Wedding Customs (Not Halachot)
The couple does not see each other for seven days before the wedding. They may speak on the phone.
On the Shabbat before the wedding, the groom has an aufruf at which he receives an aliya.
What the Bride Buys
The bride buys for the groom:
- Talit and kittel,
- Watch, and
- Set of the Talmud.
She also pays for the wedding except for what the groom pays for (see below).
What the Groom Buys
The custom is for the groom to pay for the band, photos, video, flowers, liquor, and wine.
NOTE: In Eretz Yisrael, it is customary for the bride and groom to split the wedding expenses.
A prenuptial agreement is permitted but it must state that the ketuba gets settled separately.
Groom to Mikva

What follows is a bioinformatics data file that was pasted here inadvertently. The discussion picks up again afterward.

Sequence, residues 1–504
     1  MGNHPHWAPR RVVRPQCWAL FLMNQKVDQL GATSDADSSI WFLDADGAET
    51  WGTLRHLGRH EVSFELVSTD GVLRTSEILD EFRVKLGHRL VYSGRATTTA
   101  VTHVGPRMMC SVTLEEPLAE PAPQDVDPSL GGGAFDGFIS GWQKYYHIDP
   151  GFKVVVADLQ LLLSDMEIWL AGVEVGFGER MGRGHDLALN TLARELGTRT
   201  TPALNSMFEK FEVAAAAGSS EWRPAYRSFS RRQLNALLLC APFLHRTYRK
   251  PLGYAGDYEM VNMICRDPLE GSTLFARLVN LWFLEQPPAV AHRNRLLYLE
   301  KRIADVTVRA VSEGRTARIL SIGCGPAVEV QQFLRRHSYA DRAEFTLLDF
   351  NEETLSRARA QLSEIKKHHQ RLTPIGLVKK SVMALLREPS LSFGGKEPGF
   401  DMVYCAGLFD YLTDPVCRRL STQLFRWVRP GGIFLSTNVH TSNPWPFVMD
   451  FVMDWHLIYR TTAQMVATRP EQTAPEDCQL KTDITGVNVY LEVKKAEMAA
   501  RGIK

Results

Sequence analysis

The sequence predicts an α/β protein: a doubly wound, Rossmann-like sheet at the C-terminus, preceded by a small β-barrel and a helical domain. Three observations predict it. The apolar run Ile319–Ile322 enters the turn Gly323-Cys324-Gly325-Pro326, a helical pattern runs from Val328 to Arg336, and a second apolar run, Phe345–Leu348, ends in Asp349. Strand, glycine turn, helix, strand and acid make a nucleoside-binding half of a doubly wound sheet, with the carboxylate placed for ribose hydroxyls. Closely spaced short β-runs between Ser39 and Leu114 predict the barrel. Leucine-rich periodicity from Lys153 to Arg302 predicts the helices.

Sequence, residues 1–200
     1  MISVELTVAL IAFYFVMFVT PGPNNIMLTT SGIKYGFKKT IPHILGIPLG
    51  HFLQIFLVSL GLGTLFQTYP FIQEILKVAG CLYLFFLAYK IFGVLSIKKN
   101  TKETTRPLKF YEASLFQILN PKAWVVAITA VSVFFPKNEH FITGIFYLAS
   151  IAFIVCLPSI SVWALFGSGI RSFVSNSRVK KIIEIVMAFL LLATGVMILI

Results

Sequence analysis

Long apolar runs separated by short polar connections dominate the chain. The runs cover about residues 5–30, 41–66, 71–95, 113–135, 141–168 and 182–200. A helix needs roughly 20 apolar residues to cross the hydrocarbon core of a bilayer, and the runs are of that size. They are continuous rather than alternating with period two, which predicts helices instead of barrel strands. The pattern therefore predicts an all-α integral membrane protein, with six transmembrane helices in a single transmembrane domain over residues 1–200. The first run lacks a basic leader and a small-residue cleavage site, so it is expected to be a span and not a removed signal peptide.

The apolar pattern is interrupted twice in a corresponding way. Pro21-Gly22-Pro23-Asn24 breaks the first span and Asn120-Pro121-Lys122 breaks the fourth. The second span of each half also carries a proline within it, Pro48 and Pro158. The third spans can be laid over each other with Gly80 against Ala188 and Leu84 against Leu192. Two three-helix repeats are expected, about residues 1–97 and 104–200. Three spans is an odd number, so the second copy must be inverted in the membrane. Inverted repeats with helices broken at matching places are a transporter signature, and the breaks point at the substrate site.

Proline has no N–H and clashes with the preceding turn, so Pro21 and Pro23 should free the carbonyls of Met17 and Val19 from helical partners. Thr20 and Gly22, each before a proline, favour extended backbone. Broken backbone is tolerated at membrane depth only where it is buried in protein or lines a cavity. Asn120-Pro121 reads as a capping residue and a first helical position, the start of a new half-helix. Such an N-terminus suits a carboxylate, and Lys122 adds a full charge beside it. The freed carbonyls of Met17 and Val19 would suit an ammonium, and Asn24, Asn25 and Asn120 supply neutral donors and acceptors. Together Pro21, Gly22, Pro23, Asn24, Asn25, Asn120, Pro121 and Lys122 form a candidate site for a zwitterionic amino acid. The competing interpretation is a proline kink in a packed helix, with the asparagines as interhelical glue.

The groom goes to mikva on the wedding day.
The groom and bride each have a guardian (shomer/shomeret) with them from daybreak of the wedding day (some grooms have a shomer from the aufruf) until they are married.
Tanayim are written before the main ceremony and two guests are honored as witnesses. The tanayim are read out loud.
Accompanying the Bride and Groom
There are various customs about who accompanies the bride and groom but none are halachically required.
The chuppa should be under the open sky (via a skylight) or outdoors where practical.
Bride Circles Groom
The bride walks seven times around the groom counterclockwise, as seen from above, and stands on the right side of the groom.
Someone sings baruch ha’ba… for the groom and brucha ha’ba’ah for the bride.
Drinking the Wine
The mesader kidushin does not drink the cup of wine but the bride and groom normally do.
It is not traditional for the bride to give a ring to the groom, and it is forbidden for the bride to give a ring to the groom at the chuppa.
Reading of the Ketuba
After the blessings on the wine have been said and the wine has been drunk, the ketuba is read. This separates the two sets of blessings.
Second Cup of Wine
The second cup of wine is given to the groom by the father of the bride and to the bride by the mother of the groom.